Aston Villa and the ancient rites

Villa let in a late equaliser to draw 1-1 at Everton, as Dave Woodhall watches.

As everyone with a passing interest in the Premier League knows and if you don’t, as I remind you twice a season, Villa against Everton is the most-played top-flight game in English football. If you want to go further down the historical road, Villa’s first match started with a half of rugby, and the team’s seeming failure to forget that we don’t play to one of that particular sport’s rules is the main reason why the fixture with Everton very likely won’t be happening next season.

The line=-up was by common consent the best Dean Smith could have put out. For all except the first few minutes Villa were the better side. Douglas Luiz was on his usual recent good form, John McGinn was back to something like his best and Conor Hourihane did what he does well. Unfortunately the chances that came were squandered, because no matter how much improved Villa might have been in the last couple of games, goals are always going to be hard to come by.

Two substitutions are made, and with eighteen minutes to go an inch-perfect cross by Hourihane is touched in by Ezri Konsa to give Villa what could have proved to be the most important lead of the season. That word ‘substitutions’ is important, because as soon as Villa went a goal up, Everton brought on two sets of fresh legs and the difference was noticeable.

But there was still time for the turning point in the game, when Anwar El Ghazi ran perfectly onto another deep cross, this time from Jack Grealish. The goal was wide open and glory beckoned but whether he was caught in two minds, the onrushing Everton defenders put him off, or the ball was deflected via a small winged insect, El Ghazi’s attempt at a side-footed finish was horribly miscued and ended up way over the bar.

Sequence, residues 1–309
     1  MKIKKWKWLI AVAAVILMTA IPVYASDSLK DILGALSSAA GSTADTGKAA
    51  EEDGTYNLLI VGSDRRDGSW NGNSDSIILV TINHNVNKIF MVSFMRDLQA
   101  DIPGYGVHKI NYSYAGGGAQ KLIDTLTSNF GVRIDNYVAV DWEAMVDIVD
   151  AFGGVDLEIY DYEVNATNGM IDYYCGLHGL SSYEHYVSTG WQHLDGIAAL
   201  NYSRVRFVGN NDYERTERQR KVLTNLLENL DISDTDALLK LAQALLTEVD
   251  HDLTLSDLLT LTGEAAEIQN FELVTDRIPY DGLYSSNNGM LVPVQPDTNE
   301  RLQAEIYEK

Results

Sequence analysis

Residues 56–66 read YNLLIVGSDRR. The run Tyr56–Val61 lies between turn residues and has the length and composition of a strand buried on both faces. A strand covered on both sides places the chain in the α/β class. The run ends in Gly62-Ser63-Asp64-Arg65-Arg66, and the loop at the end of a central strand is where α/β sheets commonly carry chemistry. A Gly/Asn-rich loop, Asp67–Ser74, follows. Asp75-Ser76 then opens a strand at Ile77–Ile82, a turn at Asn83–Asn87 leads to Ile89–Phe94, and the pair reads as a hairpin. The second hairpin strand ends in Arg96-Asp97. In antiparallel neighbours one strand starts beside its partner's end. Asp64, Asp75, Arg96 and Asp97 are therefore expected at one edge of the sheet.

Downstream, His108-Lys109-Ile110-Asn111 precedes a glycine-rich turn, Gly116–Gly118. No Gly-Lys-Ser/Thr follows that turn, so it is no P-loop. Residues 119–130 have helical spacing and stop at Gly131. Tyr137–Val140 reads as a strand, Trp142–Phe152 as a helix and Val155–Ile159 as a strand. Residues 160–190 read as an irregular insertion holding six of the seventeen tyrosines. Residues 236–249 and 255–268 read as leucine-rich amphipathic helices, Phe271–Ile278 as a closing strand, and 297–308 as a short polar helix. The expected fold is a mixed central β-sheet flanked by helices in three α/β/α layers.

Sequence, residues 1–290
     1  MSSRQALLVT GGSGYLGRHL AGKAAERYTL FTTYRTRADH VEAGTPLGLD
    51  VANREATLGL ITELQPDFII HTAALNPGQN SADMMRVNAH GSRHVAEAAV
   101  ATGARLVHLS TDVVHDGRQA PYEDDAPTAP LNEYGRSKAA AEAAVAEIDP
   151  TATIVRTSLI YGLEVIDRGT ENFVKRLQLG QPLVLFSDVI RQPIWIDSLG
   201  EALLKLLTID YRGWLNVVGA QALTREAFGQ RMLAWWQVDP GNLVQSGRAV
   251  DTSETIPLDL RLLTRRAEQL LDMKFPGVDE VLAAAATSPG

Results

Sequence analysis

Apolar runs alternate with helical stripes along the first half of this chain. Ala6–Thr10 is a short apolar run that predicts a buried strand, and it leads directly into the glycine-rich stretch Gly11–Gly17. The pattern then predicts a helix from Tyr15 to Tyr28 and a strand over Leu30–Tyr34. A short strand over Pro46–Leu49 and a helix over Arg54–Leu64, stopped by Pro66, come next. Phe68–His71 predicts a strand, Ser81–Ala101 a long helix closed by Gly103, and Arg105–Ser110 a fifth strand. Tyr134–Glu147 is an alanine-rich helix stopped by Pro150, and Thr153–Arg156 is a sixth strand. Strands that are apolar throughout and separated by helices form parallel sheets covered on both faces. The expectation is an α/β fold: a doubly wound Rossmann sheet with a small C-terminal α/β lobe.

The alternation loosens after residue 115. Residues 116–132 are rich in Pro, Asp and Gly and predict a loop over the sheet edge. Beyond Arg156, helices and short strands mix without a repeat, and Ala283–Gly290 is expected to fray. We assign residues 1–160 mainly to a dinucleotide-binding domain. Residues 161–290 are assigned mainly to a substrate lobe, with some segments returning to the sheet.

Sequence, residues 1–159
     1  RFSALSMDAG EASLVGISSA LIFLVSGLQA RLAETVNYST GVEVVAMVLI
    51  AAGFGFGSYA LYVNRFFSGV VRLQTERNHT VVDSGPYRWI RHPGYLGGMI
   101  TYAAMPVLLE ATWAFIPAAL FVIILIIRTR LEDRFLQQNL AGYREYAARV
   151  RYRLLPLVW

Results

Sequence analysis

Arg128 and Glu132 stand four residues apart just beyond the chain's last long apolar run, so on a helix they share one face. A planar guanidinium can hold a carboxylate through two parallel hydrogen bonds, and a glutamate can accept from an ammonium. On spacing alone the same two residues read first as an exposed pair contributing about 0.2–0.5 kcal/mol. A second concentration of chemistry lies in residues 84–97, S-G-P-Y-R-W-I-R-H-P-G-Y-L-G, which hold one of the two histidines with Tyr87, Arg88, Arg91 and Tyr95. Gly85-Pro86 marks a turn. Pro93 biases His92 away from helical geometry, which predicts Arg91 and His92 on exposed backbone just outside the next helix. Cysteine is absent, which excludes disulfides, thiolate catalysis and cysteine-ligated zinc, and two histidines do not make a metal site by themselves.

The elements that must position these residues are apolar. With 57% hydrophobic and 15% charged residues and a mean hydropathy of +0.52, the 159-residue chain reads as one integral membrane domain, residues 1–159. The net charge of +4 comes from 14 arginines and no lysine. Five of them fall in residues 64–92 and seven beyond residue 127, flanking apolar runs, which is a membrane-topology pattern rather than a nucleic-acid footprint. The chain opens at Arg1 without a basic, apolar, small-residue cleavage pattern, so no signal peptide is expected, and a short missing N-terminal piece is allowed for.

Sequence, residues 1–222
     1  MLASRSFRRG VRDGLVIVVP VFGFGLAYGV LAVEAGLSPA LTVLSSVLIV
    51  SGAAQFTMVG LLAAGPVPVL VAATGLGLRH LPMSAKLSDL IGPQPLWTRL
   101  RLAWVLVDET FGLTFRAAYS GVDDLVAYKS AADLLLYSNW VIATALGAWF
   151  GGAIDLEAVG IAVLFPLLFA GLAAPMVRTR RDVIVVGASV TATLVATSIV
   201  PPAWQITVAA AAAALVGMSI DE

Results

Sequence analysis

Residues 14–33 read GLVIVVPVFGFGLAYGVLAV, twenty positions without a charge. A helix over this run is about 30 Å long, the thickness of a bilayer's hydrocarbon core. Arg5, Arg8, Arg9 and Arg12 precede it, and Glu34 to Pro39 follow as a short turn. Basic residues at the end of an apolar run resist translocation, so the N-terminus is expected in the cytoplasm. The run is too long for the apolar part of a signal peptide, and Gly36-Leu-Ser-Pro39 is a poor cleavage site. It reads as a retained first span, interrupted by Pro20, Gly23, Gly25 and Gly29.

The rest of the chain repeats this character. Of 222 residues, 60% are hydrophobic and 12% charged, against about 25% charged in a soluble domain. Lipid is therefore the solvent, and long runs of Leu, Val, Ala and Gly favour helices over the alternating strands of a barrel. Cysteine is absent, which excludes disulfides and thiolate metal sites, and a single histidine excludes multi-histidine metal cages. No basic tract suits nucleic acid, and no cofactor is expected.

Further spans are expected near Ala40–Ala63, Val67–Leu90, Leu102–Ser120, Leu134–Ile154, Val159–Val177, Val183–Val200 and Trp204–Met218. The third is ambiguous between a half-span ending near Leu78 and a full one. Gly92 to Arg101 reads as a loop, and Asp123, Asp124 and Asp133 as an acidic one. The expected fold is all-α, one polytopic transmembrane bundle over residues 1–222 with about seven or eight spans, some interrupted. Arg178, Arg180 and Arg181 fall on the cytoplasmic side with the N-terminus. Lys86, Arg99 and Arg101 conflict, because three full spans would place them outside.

Had it gone in the match was over but Everton took heart and pushed forward. One good chance was missed with four minutes to go and surely this was the time to start running down the clock. There were still three substitutes available, eleven players to fake injury, four corners to hold the ball up in and at least as many row Zs to belt it into. But none of these options were taken, a cross wasn’t cut out and Theo Walcott was able to put over the most speculative header of his career.

Konsa may turn out to be a quality defender in time but he’ll never be an acrobat and his aerial attempt to clear the ball only succeeded in knocking it a foot over the line. One-one and that was the way it finished, because Villa don’t do last-minute dramatics at the right end. I haven’t the heart to work it out, but if football matches lasted as long as rugby and we didn’t have to endure the final ten minutes I’m sure Villa would have been safe long ago.

You can blame Smith for not changing the gameplan going into the final stages, El Ghazi for the miss, whoever should have been dealing with the fateful Everton cross and Walcott’s header (which wasn’t the first time Pepe Reina seemed to get caught out in a similar position) and/or a combination of all of them. But the end result is the same – Villa’s failure to once more win a game that was theirs for the taking means that the Championship is now almost certain when it could have been ‘only’ very likely.